Fired By Your Employer? Here Is What To Consider When It Comes To Severance

Fired By Your Employer? Here Is What To Consider When It Comes To Severance


Some times a worker sees it coming for months.  Other times, an employee is shocked to be let go.  Whatever the circumstances, you absolutely need to take the time to read your proposed severance and to obtain legal advice.  This need not be expensive.  As with other law firms, at Tamming Law we offer severance reviews for a very modest fee.


At Tamming Law in Owen Sound, we offer these key suggestions from the get go.

• Ignore any deadline your employer imposes for acceptance: You are entitled to reasonable time to evaluate your options.  Don’t be steamrolled.  The offer they keep open for acceptance until Friday will still be open for acceptance on Tuesday.  It just will.  Employers are not irrational, as a rule.

• Don’t be reactive: Your employer has made a business decision.  You must evaluate the package in a similar frame of mind. No matter how unfair you think you have been treated, consider the terms of severance to be business, nothing more.  Don’t engage.  Don’t demand explanations.  Don’t send out hot emails.  All of that is pointless at this stage.

• Be honest with yourself and your lawyer: If your employment file is full of reprimands, that is important.  If you have been goofing off at the office on the web, I need to know that now and not a year from now when proof of inappropriate web activity is served up as part of the lawsuit.  If you missed sales targets by a wide margin, let’s not pretend that you have lost your bonus entitlement.  It is critical that you in effect “interrogate” yourself at this stage; if we do litigate for more money, any such warts will be revealed in the litigation process.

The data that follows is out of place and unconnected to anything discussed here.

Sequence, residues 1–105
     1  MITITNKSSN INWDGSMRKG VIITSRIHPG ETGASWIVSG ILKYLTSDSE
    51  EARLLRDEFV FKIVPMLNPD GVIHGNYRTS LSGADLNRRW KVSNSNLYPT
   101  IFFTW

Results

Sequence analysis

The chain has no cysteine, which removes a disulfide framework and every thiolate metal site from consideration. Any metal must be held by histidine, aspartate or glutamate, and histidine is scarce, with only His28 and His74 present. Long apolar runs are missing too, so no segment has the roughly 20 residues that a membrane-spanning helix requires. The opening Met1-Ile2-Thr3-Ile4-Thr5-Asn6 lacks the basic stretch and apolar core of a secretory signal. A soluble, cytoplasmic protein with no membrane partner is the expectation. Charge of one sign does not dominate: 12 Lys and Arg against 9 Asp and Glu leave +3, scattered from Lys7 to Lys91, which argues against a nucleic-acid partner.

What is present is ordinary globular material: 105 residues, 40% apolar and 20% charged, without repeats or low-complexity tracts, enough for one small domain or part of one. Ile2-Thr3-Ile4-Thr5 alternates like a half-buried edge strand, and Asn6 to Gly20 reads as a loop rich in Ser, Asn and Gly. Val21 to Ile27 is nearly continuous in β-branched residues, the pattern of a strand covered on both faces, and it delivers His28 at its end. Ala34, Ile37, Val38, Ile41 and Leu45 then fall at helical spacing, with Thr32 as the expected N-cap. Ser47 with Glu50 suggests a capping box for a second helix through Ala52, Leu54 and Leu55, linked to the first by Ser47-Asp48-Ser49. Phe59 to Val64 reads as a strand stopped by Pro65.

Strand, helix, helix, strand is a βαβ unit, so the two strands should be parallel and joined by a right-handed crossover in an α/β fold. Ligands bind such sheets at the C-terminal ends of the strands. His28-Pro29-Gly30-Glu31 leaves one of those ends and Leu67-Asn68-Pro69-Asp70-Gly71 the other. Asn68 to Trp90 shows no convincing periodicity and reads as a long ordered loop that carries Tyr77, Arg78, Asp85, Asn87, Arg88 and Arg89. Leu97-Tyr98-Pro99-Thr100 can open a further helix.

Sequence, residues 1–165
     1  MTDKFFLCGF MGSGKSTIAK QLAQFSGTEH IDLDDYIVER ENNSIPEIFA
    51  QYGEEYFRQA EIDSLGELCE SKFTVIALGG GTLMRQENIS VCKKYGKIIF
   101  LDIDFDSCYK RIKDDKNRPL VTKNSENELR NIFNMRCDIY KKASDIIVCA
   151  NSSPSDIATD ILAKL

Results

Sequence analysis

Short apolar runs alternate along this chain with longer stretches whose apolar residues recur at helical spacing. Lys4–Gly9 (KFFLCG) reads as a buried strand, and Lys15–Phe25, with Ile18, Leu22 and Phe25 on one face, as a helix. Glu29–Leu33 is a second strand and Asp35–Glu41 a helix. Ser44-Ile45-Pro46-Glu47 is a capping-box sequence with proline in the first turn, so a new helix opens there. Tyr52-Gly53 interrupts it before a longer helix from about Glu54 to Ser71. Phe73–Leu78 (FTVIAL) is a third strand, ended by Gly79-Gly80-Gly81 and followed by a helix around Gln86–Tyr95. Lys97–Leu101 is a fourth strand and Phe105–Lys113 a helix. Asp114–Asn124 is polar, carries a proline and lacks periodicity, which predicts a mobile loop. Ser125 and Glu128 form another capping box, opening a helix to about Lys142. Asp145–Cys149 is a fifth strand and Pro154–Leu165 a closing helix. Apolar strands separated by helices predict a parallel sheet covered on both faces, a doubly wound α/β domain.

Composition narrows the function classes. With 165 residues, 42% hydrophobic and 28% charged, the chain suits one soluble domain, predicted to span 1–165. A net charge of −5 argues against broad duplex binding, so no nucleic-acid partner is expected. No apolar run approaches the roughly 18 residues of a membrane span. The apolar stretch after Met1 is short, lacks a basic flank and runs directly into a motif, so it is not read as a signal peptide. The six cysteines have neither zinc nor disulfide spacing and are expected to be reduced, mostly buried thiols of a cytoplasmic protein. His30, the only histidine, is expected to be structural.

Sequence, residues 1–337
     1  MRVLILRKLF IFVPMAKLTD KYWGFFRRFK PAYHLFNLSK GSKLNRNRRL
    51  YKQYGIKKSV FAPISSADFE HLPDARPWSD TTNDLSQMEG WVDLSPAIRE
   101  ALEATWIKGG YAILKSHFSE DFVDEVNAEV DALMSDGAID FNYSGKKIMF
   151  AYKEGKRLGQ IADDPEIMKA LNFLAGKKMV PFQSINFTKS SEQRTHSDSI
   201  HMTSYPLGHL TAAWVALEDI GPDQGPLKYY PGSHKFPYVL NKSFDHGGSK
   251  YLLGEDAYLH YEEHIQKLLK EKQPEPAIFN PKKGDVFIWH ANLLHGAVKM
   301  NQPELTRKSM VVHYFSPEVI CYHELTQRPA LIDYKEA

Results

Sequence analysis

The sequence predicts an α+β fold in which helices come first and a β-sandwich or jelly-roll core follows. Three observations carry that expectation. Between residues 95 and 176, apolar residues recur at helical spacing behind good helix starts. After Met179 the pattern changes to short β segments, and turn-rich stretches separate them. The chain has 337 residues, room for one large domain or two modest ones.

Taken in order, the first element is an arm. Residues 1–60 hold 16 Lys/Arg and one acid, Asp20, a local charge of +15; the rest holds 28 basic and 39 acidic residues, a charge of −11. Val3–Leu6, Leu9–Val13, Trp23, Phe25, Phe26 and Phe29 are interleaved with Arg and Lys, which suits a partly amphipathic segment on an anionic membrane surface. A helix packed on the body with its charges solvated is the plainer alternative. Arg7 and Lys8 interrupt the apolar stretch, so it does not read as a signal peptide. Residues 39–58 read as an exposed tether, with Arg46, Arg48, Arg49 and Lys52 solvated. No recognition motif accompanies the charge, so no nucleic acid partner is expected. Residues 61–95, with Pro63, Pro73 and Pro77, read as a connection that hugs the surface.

Most, not all, employers expect you to come back with a higher number.   Provided emotions are kept out of it, one can respectfully make a counter offer without inflaming the situation.

Ideally, you don’t want to leave money on the table.  On the other hand, if the offer is 90% of what is fair, it makes no sense to litigate for the extra 10% in order to achieve a perfect severance.


A fair severance includes:
  1. Up front payment of your minimum entitlement under the Employment Standards Act (“ESA”).  This means one week termination pay for every year you worked, to a maximum of 8 weeks.  PLUS, for large employers, you get one week severance pay for every year worked to a maximum of 26 weeks.  You do not have to sign a release or anything for this to be paid out.  It is illegal for the employer to withhold it.
  2. Generally speaking, a total of 3.5 to 4 weeks for every year served, including those ESA payments.
  3. Payment of an extra amount in lieu of benefits to which you would have been entitled during a reasonable notice period.
  4. Payment of any bonus to which you would have been entitled.
  5. A positive letter of reference.
  6. Help with locating a new job.


If your severance package is missing any of these elements, we generally advise clients to reject the offer and go for more.  There are two exceptions:

• Do you have another similar paying job around the corner?  If so, we will urge a quick settlement.

• Did you do anything in the job which would cause a judge to say you were fired for “just cause”?  That means theft, harassment of other employees and other awful workplace conduct.  If anything like that spills out in litigation, you will regret not grabbing the severance when it was offered at the beginning.